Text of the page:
Click For Photo: https://zh-prod-1cc738ca-7d3b-4a72-b792-20bd8d8fa069.storage.googleapis.com/s3fs-public/styles/max_650x650/public/2019-06/minerd.jpg?itok=kVGeacbN
, Chairman of Investments and Global CIO, explains on @BloombergTV
the implications of a #tradewar
and why #tariffs
have historically been bad for markets. https://t.co/cNwCilQvAl pic.twitter.com/DJSHp5ZZhe
— Guggenheim Partners (@GuggenheimPtnrs) June 5, 2019
via Scott Minerd, Global CIO of Guggenheim
During the course of the last two years, we have consistently indicated that the course for the U.S. economy, along with risk assets and rates, was contingent on the impact of any unexpected exogenous events, most likely from overseas. Of all the exogenous events that could possibly derail our long-term economic and market outlook, a full-blown trade war with China is closest to being realized. Just a few weeks ago, Washington and Beijing appeared to be close to an agreement. The subsequent breakdown in talks and ****-for-tat tariff escalations have put the world’s two largest economies on a collision course to a full-scale trade war. The United States has announced an increase in tariffs on $200 billion of consumer and other goods from 10 percent to 25 percent, with threats of further tariffs to come. China followed suit with its own schedule of increased tariffs on $60 billion of American-made products.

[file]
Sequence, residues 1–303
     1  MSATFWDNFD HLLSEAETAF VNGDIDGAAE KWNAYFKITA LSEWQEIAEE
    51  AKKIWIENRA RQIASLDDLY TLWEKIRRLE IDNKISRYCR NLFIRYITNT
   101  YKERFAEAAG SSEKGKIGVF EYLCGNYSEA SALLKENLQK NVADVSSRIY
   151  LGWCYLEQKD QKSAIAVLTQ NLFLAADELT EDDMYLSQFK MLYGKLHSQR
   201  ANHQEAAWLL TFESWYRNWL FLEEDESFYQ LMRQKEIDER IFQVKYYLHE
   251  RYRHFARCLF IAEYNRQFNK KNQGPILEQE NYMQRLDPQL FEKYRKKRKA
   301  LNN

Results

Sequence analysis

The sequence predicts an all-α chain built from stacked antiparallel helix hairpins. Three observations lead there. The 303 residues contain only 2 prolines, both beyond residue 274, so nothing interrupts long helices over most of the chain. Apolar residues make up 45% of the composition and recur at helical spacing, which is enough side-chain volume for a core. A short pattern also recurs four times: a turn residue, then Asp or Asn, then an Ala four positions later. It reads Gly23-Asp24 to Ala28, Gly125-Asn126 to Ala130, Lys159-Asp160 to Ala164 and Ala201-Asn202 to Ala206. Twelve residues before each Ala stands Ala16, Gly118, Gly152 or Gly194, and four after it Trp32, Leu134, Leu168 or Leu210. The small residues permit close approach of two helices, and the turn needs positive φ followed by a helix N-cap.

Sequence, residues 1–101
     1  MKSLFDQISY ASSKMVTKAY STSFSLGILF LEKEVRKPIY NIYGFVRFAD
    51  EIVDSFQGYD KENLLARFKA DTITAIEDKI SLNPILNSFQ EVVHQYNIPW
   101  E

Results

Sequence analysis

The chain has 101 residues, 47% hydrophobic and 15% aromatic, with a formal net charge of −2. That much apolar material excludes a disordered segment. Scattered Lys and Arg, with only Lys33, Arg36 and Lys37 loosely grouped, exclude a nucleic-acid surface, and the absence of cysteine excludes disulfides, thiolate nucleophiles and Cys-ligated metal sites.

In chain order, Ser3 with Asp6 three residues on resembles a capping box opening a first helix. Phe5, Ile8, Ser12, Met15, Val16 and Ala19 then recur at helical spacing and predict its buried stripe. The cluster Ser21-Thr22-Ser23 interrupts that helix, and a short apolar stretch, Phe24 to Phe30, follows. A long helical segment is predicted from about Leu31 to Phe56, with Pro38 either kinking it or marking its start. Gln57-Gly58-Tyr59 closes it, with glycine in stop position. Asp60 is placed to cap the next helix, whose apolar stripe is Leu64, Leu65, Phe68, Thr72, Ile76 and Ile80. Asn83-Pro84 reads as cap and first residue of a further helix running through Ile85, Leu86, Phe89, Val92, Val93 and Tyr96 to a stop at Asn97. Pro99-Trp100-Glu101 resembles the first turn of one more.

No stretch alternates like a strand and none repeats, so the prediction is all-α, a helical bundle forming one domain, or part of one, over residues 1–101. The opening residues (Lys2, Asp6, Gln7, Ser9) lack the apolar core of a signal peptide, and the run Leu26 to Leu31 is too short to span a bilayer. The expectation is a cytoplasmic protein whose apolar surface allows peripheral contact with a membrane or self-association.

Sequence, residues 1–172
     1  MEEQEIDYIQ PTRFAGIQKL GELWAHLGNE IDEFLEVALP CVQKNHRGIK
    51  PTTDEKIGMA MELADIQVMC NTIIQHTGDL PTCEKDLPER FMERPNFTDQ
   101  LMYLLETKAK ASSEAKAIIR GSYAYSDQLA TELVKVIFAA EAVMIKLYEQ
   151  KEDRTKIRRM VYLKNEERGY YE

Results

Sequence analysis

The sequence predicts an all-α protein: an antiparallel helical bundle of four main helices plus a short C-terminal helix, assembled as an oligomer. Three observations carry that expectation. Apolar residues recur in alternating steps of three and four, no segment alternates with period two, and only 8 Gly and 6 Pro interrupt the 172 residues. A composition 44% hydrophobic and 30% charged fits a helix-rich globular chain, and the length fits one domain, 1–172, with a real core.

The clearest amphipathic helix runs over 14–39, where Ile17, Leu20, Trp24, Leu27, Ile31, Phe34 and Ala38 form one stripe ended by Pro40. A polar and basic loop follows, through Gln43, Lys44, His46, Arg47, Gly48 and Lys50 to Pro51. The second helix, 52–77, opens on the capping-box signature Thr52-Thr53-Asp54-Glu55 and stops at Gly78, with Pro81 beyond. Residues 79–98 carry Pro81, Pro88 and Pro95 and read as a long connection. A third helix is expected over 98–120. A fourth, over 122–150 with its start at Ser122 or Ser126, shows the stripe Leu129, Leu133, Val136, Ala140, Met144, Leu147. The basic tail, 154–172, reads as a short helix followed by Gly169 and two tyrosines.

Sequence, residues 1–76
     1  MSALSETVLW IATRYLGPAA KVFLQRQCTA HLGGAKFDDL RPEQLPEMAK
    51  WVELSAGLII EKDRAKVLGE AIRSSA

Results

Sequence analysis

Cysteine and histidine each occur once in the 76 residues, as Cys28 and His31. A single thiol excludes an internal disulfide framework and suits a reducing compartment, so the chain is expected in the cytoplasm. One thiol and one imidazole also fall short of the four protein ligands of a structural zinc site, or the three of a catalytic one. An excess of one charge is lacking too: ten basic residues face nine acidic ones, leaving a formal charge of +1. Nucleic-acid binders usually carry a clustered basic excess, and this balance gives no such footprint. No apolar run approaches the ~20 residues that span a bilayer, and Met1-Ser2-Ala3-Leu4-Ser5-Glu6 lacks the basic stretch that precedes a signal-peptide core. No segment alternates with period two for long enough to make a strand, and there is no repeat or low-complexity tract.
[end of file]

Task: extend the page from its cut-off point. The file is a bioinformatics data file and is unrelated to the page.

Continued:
Precedent - Face-off - Term - Reports - Trump
Given the limited historical precedent, it is difficult to predict if this face-off will continue long term or be resolved quickly. By all reports, neither the Chinese nor the Trump administration seem prepared to blink, but rather than rely on the press for insight, we decided to do some of our own digging. We recently talked to several China-based portfolio managers and a supply chain manager to learn more about the U.S.-China standoff. The main takeaway from our notes below: The Chinese are buckling up for a long ride.
Beijing is preparing for a protracted standoff. The leadership has concluded that the intention of U.S. negotiators is not just to resolve trade imbalances but also prevent China from moving up the value chain, a key long-term objective for the Chinese.
Tariffs - Products - China - United
Tariffs on the remaining $300 billion of Chinese products would hurt China, but the United...
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